Single Channel Distribution - These services which are also distributors will distribute your work through one channel or device.  Offering no assistance in preparing your files, accepting a wide range of file types.  Some examples: KDP and Nook Press.

Multiple Channel Distribution - These services act as a middleman and push your work out to multiple distributors and retailers.  You deal with only one service, most well-known of these are Draft2Digital, Pronoun, BookBaby and Smaswords.

One of the best ways to start for new authors is through Amazon KDP.

Formatting and Converting Your eBook Document File

Different services require different formats, which can be a little awkward at times.  Technology is changing almost daily these days, so you need to be on your toes and know what to expect when your self-publishing.

Below are the most used formats for eBooks:

PDF: Not easily displayed on grayscale devices and difficult to convert for standard eBook formats.

MOBI: Perfect for Amazon Kindle, even though EPUB works just as well.

EPUB: The global standard for eBooks, working smoothly on most devices. While you're not able to directly create an EPUB file on Word there is software you can use to convert your file.

Which ever file type is required for self-publishing your eBook they all require their own particular formatting.  you'll need to do your homework when it comes to formatting your eBook though.

There are some service providers that are customer service oriented that would help take the pressure off  such as Draft2Digital and BookBaby.  If you're eBook contains a lot of illustrations and has a particular layout you could look into hiring an independent company such as eBookPartnership.

Below are some tools for formatting and converting your eBook:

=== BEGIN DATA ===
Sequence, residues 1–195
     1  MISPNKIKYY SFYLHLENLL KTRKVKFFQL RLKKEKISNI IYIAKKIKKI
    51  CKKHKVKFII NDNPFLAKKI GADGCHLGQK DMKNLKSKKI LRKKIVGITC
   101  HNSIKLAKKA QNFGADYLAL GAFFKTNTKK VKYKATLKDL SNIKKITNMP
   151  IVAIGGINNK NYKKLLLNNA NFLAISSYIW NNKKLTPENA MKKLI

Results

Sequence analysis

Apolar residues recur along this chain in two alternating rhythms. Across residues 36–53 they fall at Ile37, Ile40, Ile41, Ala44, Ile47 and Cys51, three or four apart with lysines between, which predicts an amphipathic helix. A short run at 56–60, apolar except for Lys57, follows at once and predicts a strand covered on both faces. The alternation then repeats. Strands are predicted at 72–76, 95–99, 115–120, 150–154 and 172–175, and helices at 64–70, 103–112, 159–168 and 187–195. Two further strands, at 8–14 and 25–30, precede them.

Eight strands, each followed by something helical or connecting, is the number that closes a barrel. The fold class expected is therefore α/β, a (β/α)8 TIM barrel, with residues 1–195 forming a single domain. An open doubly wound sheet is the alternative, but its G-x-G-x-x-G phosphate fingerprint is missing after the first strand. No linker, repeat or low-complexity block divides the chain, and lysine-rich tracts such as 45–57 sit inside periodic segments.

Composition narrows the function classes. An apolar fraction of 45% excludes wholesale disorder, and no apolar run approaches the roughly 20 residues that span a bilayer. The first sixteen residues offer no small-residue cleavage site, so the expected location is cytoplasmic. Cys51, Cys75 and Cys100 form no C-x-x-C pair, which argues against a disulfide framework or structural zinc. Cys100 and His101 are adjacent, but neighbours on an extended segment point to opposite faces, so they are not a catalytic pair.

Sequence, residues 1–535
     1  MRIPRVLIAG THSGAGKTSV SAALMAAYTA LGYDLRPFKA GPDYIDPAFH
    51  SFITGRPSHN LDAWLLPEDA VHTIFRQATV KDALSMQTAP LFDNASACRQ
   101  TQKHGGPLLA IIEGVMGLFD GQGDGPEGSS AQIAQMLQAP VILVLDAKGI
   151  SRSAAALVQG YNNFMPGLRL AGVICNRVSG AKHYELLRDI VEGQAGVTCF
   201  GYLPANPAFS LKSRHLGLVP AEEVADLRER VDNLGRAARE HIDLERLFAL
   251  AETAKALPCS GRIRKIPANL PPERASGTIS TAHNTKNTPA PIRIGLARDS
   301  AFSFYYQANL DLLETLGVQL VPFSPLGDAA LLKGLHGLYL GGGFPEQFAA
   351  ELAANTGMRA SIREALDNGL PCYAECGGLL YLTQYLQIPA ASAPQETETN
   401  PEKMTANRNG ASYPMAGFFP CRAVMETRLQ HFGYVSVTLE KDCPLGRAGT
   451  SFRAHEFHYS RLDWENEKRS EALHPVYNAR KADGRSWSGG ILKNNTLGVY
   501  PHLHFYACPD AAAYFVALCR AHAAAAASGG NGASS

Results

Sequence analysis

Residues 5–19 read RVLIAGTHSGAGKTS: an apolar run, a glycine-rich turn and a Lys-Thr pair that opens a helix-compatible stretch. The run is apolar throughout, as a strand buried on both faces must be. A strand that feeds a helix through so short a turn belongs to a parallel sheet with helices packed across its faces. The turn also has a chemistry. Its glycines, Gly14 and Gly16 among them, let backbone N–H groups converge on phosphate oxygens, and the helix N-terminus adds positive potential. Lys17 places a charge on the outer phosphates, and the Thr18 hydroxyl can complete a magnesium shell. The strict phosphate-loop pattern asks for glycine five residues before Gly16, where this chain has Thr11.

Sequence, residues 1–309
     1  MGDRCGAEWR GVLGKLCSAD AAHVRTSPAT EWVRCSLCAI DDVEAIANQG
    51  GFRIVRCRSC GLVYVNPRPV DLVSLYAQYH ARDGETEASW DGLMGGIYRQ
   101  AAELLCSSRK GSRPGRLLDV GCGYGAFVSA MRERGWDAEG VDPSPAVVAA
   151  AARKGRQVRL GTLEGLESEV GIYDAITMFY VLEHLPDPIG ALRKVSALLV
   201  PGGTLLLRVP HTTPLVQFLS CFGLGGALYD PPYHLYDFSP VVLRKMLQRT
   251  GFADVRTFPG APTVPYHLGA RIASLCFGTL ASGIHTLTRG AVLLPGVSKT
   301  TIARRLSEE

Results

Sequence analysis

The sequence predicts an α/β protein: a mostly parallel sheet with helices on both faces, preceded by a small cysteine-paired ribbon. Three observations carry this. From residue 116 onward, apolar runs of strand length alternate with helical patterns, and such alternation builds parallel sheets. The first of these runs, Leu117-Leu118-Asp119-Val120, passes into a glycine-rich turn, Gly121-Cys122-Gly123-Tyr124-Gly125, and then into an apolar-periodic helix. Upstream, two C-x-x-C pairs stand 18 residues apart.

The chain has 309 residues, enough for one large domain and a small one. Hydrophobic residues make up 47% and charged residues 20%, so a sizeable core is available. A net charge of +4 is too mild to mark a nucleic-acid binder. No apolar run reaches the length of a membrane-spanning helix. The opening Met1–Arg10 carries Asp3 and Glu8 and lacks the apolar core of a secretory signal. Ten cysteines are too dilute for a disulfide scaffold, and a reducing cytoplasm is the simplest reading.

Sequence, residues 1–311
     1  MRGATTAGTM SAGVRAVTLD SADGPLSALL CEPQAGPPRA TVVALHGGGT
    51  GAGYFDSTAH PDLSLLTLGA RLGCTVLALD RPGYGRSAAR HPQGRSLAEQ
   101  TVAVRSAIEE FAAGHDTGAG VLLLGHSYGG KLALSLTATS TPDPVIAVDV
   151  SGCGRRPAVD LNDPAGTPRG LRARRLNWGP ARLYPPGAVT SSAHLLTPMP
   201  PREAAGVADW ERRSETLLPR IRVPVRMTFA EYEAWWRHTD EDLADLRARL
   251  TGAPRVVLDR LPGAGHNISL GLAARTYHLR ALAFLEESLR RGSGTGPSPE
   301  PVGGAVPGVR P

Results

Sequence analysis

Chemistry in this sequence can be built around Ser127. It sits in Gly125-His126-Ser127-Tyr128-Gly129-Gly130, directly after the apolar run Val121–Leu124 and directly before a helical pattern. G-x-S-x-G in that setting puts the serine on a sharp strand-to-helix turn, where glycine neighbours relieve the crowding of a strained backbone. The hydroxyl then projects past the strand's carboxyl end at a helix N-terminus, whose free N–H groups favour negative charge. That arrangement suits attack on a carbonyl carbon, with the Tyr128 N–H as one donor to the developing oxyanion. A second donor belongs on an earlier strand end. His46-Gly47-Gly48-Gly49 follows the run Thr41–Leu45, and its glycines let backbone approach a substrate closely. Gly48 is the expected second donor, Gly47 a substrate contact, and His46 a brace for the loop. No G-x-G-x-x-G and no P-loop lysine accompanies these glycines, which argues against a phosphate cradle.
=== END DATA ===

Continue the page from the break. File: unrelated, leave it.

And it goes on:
Find out more with this highly rated course created by Karen Prince - Format in Microsoft Word and Convert to eBook in Calibre.

When it comes to eBook cover design, often a plain design will stand out more than a flashy cover. This is because your cover may be seen in black and white, grayscale, colour, high resolution, low resolution, thumbnail size or full size.  It may be worth getting a professional to create your cover for you.

Increasing the Sales of Your eBook

If you're a fairly new author like me, pricing your eBook can be a challenge.

To be honest with you it's difficult to know what to charge, whether you should go cheaper or more expensive, there are many thoughts on both sides on pricing your eBook.   Especially when you've spent all of that time and effort creating your eBook.  So here are some important points to ponder when you price your eBook:

✤Most new eBook authors and independent novelists start their price point at $2.99.  It's often argued as being really cheap and devaluing to the work put in.  So your competition will most likely be around that price range or lower.  So the more well-known and trusted you are the higher price you can charge.

✤Amazon Kindle book sales are huge these days, accounting for at least 60-70% of all eBook sales in the US.  Having an Amazon author page is helpful for sales because this may be the only page your reader will look at before buying your book.  If you have reviews they also help towards the sale of your eBook, watched closely by all those in the business for visibility and sales.

✤If you charge $2.99 or over Amazon offer you a 70% commission on all sales of your eBooks.  Anything below that and the commission falls to a measly 35%.  Which is why so many authors switch their price between 99 cents and $2.99.  This helps maximise profit at the low price point.  Pushing them onto bestsellers lists.